Tomorrow, in an effort to revive an economy now traumatized by the Sept. 11 terrorist attacks, the Federal Reserve is expected to push short-term interest rates down to a level not seen since the early 1960s.
It would be the ninth time this year the Fed has cut rates, and, given the precarious state of the economy, many economists say it won't be the last time.
The recent attacks, coming as the US and world economies were already slackening, have shaken consumers and businesses alike and thrown the timing of a rebound into doubt.
Against this backdrop, Wall Street expects the Fed to cut short-term interest rates by half a percentage point tomorrow, meaning banks would charge each other interest of just 2.5 percent on overnight loans, down from 6.5 percent at the beginning of the year.
"One of the most aggressive easing campaigns ever undertaken," says Tom Schlesinger, director of the Financial Markets Center in Philomont, Va.
The Fed already made an emergency cut of half a percentage point Sept. 17 and has pumped huge amounts of liquidity into the financial markets since the disaster. So some economists say a quarter-point cut would be appropriate tomorrow.
Stock market investors, though, might be disappointed and drive share prices lower.
In either event, short-term rates below 3 percent have not been seen since 1962, when William McChesney Martin presided at the Fed. At that time, consumer prices were rising less than 1.5 percent a year.
Consumer prices today have been increasing at about a 3 percent rate. Thus short-term money will be in real terms free - costless to borrowers after inflation. And it is widely assumed that the Fed will cut rates again when its policymakers again meet Nov. 6.
The Fed's actions, combined with a big drop in oil prices and federal moves to cut taxes and boost spending, should pull the economy out of its doldrums in the first or second quarter of 2002.
"We may see a snapback sooner and stronger than people now anticipate," says Paul Kasriel, an economist at Northern Trust Co. in Chicago.
Others, however, paint a more sobering picture.
"The outlook in the short term is serious, and ... we will most likely have to wait until the end of 2002 until we see an economic upturn in the United States," Goldman Sachs chief Henry Paulson said in Germany's Der Spiegel yesterday.
While Washington is moving aggressively, some economists worry that other nations are not responding strongly enough.
Despite all the concerns about world recession, the inflation-wary European Central Bank failed at a policy session last week to drop its interest rates again.
In the previous week, the ECB had joined the Fed and other central banks in a coordinated easing of monetary policy.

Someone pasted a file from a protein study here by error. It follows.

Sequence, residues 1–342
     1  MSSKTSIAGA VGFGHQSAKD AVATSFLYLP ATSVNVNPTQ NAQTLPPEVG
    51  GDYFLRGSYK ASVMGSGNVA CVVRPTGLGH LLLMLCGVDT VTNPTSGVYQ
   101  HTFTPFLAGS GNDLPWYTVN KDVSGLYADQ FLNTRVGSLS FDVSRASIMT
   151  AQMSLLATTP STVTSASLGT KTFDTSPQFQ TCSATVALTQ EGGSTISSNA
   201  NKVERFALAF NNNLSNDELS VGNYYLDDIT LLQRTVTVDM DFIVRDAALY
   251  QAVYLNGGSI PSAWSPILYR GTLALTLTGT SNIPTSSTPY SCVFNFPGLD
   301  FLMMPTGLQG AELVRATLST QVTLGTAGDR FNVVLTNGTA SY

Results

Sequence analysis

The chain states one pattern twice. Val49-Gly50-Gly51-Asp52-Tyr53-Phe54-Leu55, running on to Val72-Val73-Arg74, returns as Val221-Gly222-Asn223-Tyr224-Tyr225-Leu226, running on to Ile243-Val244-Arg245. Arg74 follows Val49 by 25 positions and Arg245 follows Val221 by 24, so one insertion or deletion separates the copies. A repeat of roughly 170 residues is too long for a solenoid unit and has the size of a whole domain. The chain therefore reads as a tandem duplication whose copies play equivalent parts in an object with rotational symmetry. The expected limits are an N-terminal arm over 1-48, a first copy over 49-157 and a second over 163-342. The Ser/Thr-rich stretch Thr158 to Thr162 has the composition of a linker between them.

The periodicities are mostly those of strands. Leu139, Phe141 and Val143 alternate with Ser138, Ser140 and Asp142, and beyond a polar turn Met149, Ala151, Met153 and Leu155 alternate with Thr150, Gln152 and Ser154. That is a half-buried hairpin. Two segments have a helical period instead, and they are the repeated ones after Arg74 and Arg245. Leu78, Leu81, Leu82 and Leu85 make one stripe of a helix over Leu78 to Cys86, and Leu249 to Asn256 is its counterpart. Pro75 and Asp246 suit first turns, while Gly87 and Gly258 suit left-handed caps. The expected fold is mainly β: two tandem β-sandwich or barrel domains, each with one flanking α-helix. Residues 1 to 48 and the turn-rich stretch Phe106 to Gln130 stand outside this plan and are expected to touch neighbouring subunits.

To many economists, the Bank of Japan has been tardy and overly tight, not adequately combating a decade-long slump.
While conducting a dramatic monetary policy, Fed Chairman Alan Greenspan has been urging caution on Congress in regard to further tax cuts and spending. It should wait for more data about the economy's current health before deciding whether to a adopt a new stimulus package, he says.
The tax rebates, devised by the Progressive Caucus in Congress, injected $40 billion into taxpayers' pockets this summer. Another $70 billion of tax relief is already scheduled for 2002 in the Bush tax cut.
Should more need to be done fiscally, Greenspan suggested a $100 billion program - 1 percent of gross domestic product - should do the trick. That sum would include the $55 billion or so that Congress has already appropriated for its emergency defense and recovery efforts and the airline bailout.
If Congress heeds Greenspan, it could add with his blessing $45 billion in tax cuts or expenditures. But Congress is expected to take a few weeks to hammer out such a package.
The economy may need pump-priming, says Martin Baily, chair of President Clinton's Council of Economic Advisers. "But let's not do things that undermine long-run fiscal stability," he says. "We should set as a goal saving the Social Security surplus."
Despite the efforts of Republicans and Democrats to tackle fiscal issues in a bipartisan fashion because of the Sept. 11 tragedy, legislators do have genuine differences on these policy matters. Washington observers expect these disputes to reemerge in coming weeks.
In the meantime, economic data show a mixed picture.
With consumer confidence now down sharply, "a recession is no longer in doubt," holds Richard Curtin, director of the survey. "The only issue is how long the downturn will last."
Optimists see several factors pointing to recovery.
By one measure, the nation's money supply has been growing at a torrid 12.5 percent annual rate. That represents fuel for future growth. Oil prices have plunged below $23 a barrel.